Cryptography based on industry-tested and accepted algorithms, along with key lengths that provide a minimum of 112-bits of effective key strength and proper key-management practices. Cryptography is a method to protect data and includes both encryption (which is reversible) and hashing (which is “one way”; that is, not reversible). See Hashing.
At the time of publication, examples of industry-tested and accepted standards and algorithms include AES (128 bits and higher), TDES/TDEA (triple-length keys), RSA (2048 bits and higher), ECC (224 bits and higher), and DSA/D-H (2048/224 bits and higher). See the current version of NIST Special Publication 800-57 Part 1 (http://csrc.nist.gov/publications/) for more guidance on cryptographic key strengths and algorithms.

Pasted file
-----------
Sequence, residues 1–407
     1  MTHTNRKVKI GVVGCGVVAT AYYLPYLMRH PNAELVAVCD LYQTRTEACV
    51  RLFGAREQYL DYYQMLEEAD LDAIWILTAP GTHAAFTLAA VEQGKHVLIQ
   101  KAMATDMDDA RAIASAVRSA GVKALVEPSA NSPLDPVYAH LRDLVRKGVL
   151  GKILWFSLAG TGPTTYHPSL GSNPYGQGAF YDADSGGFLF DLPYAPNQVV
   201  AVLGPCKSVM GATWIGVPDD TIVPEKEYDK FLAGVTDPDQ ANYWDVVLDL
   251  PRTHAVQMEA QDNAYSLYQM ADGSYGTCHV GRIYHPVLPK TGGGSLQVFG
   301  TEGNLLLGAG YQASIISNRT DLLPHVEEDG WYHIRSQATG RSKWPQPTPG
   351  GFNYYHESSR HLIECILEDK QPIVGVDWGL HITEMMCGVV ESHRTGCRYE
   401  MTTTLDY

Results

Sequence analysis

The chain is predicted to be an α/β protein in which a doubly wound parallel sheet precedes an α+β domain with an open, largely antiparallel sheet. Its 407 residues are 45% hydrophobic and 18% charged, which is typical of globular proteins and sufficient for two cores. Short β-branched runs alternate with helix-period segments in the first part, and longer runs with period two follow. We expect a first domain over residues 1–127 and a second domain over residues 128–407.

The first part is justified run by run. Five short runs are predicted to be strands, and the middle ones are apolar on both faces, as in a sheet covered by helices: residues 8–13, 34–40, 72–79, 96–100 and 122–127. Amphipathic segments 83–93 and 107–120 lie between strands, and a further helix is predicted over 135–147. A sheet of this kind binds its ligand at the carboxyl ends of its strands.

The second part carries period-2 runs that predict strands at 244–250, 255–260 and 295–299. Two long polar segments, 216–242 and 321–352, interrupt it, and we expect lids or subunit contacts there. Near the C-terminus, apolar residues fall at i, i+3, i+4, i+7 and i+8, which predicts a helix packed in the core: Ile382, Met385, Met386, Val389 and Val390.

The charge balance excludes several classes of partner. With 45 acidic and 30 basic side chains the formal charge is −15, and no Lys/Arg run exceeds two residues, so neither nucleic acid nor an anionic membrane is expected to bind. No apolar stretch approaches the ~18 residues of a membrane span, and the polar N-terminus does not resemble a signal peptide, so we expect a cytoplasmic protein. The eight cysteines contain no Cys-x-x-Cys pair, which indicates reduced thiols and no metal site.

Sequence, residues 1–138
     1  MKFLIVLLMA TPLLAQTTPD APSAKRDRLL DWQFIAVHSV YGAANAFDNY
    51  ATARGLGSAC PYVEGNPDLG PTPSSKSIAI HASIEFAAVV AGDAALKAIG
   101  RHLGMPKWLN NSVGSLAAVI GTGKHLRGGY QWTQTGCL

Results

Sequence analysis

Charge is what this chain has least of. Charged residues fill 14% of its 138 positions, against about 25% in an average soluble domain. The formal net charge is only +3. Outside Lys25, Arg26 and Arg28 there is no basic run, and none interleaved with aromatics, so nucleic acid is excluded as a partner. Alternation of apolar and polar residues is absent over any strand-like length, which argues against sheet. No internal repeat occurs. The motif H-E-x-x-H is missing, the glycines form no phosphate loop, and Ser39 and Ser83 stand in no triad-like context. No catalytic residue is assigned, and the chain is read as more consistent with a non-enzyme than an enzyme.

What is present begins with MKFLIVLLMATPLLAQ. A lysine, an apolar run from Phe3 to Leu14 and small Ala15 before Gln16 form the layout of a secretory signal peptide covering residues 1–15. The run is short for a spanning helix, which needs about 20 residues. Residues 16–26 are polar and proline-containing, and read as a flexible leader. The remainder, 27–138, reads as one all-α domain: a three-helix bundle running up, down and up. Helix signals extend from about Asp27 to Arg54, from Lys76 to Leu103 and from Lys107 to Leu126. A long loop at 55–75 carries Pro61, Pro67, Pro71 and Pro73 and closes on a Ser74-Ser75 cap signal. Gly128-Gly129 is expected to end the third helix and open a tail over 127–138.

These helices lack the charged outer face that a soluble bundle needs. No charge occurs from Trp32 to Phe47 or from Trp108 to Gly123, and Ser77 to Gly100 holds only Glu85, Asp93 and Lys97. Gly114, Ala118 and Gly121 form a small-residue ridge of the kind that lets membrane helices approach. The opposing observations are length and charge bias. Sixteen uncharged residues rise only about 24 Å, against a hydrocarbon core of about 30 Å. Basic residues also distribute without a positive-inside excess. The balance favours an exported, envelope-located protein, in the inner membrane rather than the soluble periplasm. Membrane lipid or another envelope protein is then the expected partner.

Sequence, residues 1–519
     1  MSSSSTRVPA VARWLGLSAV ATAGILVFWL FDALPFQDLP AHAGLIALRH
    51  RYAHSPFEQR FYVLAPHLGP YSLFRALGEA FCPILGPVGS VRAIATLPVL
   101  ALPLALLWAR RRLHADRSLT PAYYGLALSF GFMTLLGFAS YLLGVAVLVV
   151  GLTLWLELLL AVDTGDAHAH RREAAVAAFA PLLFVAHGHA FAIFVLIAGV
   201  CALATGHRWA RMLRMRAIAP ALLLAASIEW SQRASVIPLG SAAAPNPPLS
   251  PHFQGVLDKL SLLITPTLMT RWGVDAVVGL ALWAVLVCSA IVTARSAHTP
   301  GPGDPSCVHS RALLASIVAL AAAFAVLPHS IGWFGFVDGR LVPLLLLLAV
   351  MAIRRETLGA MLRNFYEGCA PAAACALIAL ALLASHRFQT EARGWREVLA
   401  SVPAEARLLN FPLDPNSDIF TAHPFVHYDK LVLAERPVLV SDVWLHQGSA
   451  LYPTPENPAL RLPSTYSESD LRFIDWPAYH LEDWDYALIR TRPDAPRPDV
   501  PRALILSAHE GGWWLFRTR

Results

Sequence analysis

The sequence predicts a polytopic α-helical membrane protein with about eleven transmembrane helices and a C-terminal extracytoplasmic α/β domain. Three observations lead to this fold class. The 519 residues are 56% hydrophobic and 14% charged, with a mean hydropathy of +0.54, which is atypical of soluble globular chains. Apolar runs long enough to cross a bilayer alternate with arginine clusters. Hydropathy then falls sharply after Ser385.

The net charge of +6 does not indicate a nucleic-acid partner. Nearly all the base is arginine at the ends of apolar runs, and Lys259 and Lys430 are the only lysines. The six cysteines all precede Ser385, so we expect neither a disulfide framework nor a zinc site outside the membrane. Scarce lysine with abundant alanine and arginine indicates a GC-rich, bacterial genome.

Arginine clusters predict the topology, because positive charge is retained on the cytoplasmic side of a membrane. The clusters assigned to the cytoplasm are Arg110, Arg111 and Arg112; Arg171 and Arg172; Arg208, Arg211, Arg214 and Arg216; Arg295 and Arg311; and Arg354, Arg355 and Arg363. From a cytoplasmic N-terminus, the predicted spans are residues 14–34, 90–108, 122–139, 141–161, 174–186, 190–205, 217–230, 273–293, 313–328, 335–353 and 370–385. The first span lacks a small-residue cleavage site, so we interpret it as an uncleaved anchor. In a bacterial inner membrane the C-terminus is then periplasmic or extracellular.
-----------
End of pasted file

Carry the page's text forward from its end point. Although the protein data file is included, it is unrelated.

Note: The above examples are appropriate for persistent storage of cardholder data. The minimum cryptography requirements for transaction-based operations, as defined in PCI PIN and PTS, are more flexible as there are additional controls in place to reduce the level of exposure.
It is recommended that all new implementations use a minimum of 128-bits of effective key strength.